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  • Writer's pictureFather Benjamin von Bredow

He opened not his mouth.

A Sermon for Good Friday

March 29, 2024 at the Solemn Liturgy


“Like a sheep that before its shearers is silent, so he opened not his mouth” (Isaiah 53:7). In the Name of the Father, the Son, and the Holy Spirit. ☩ Amen.


“Rank your pain from one to ten.” When I have been asked this question at the emergency department, I rarely know what to answer. What counts as a ten? In comparison to the worst pain I can imagine someone else suffering, nothing I have ever experienced counts above a three, probably, but that would give the false impression that I’m don’t have any reason to be there. But the last time I went to emergency to get something checked out, I saw a helpful sign, not only showing a graphic, but describing in text what happens to your face as pain moves from a one to a ten. Specifically, around a pain of level 6, your mouth will naturally open in a grimace.


Besides the physical aspect of pain, we also expect that as emotional pain increases—which is much worse than physical pain—there are reactions that naturally emerge. When we suffer loss, or betrayal, or alienation, we move from stress to anxiety to depression to despair to loss of the will to live. And this increasing pain manifests as we become less patient, less generous, and more concerned with our own hurt than with others’ needs.


It was not so with Jesus. Isaiah, speaking about the Messiah’s suffering, prophesied, “He was oppressed, and he was afflicted, yet he opened not his mouth; like a lamb that is led to the slaughter, and like a sheep that before its shearers is silent, so he opened not his mouth” (Isaiah 53:7). In all likelihood, Jesus did cry out in pain when he was whipped, when the crown of thorns was pressed into his head, when the nails pierced his hands. We know he uttered a loud cry just before he died. But that’s not the point: the point is that, despite all the physical pain, Jesus neither resisted nor grew bitter. Descent into torment did not, for him, mean descent into scorn and bitterness. He went where he was led and meekly offered up his life when he was called upon to do so.


Before the worst of his physical torments, at his trial before Pilate, Jesus does not respond to any of the charges, embracing everything that is to come without trying to find a way out. His silence throughout the Passion is remarkable: in St John’s Passion, which we have read today, we only hear three brief words from the cross, none of them complaints or accusations about his situation. In fact, one of these words is an act of compassion, as he entrusts the care of his widow mother to his disciple John.


By contrast, the thieves crucified next to Jesus, in their final agony, satisfy their bitterness by reviling him in the same way as the cruel bystanders (Matthew 27:44). At the utmost of their suffering, they do what we are always tempted to do when we suffer: they push people away, they cut people down, allowing suffering to make them cruel and isolated.


At the very end, Jesus gives up his own spirit back to the Father, willingly and with trusting release. He did not allow his life to be taken from him by violence, but yields it up voluntarily once he has plumbed the very depths of suffering. He is ready to enter the next stage of his humility: descent into death. He is not a victim, not raging to the end—indeed, not raging at all. His torment has never taken away his humanity. In St Mark’s account of the Passion, it is this fact specifically which moves the centurion to say, “Truly this man was the Son of God!” (Mark 15:39). To suffer with self-possession and to die with peaceful humility is beyond what we expect from someone so abused.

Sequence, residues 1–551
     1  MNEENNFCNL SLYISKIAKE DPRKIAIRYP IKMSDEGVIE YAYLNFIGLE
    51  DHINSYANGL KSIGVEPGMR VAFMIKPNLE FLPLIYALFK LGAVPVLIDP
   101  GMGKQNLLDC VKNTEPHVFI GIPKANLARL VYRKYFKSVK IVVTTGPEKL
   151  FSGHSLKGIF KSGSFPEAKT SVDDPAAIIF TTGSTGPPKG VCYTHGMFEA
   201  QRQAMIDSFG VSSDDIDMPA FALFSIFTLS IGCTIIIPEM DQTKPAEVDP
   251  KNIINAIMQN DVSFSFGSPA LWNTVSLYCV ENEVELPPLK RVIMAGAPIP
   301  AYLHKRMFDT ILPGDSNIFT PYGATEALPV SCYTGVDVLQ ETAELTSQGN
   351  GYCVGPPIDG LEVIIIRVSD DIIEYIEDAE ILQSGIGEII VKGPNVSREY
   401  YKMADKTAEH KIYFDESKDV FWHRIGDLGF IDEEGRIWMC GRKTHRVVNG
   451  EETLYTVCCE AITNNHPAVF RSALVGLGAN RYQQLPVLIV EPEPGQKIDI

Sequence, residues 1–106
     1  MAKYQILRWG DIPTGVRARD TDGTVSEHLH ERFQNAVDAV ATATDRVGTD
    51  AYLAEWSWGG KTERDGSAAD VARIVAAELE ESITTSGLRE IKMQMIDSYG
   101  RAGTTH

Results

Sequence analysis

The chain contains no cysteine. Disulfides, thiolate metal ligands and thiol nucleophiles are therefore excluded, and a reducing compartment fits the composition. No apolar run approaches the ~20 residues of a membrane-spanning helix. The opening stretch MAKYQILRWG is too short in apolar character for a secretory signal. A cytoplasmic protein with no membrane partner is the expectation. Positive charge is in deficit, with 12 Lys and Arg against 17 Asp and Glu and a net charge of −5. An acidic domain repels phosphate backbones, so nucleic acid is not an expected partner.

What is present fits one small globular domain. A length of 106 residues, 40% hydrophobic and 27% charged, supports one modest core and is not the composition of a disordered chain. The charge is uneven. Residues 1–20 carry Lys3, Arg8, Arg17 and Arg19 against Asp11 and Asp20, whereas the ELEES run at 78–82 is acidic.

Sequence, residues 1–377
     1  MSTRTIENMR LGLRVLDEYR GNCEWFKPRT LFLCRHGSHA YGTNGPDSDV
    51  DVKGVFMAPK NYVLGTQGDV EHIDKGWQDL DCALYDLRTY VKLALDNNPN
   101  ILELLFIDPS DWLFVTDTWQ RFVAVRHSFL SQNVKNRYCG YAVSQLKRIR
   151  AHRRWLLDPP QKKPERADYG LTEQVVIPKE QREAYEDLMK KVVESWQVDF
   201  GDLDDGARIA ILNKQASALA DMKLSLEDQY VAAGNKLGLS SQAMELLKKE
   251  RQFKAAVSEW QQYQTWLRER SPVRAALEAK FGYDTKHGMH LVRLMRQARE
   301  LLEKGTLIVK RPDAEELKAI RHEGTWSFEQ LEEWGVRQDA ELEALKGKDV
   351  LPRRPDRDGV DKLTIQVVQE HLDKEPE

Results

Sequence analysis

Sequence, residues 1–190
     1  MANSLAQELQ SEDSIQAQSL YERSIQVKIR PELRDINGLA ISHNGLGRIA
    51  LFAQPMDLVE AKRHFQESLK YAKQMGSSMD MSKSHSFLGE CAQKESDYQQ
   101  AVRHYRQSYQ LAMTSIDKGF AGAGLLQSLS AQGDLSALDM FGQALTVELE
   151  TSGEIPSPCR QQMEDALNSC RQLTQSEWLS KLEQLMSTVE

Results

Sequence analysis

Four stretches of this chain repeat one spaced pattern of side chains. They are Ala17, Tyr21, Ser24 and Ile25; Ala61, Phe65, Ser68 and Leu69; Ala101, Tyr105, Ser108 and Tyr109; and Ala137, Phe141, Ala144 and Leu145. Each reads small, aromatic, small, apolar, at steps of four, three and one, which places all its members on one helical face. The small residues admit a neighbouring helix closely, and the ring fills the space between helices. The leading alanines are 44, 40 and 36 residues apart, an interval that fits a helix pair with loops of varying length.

Last evening, we said that Jesus’ command to his disciples is to “Do this as my memorial”—to imitate him as gives his life for the life of others. Our acts of self-giving are memorial actions, actions which make Jesus present.


Suffering, when it comes to us, is likewise an opportunity to “do this as Jesus’ memorial.” As our collect says, Jesus “suffered death upon the cross, that all mankind should follow the example of his great humility.” Jesus’ suffering is our example.


But if we suffer as a memorial, then following Jesus’ example is not simply a moral obligation, a command to grit our teeth and endure until we live up to the high bar set by Jesus. To suffer in remembrance of Jesus is to make Jesus present afresh through our suffering. We seek renewed communion with Christ at our lowest moments by imitating his patience. We benefit not only from the virtue of patience itself, but from the spiritual solidarity of Christ our God who suffers for and with us. Christ near us, with us, in us, redeems our suffering as an act of remembrance and honour to the one who voluntarily took on the suffering which we, unlike he, did not choose.


Your life will involve suffering. Perhaps you already have had more than your share of suffering, and perhaps not. Perhaps you are immersed in great suffering now. But there will still be more hurdles to cross, not least the hurdles which will come at the end of our lives, if not many hurdles before.


It is not ours to decide whether we will suffer, but it is ours to decide how we will suffer. Will we suffer with simple-hearted acceptance, with patience, with willingness to experience whatever comes for us? Or will we resist our suffering? Will we avoid our suffering? Will we seek a way out? Will we suffer alone, or will with gather people around us? Will we keep our suffering secret, or share the burden with those who love us? And above all, will we consecrate our suffering to communion with God? Christ our God chose suffering for himself when he did not have to, so that he could suffer with you and you with him.

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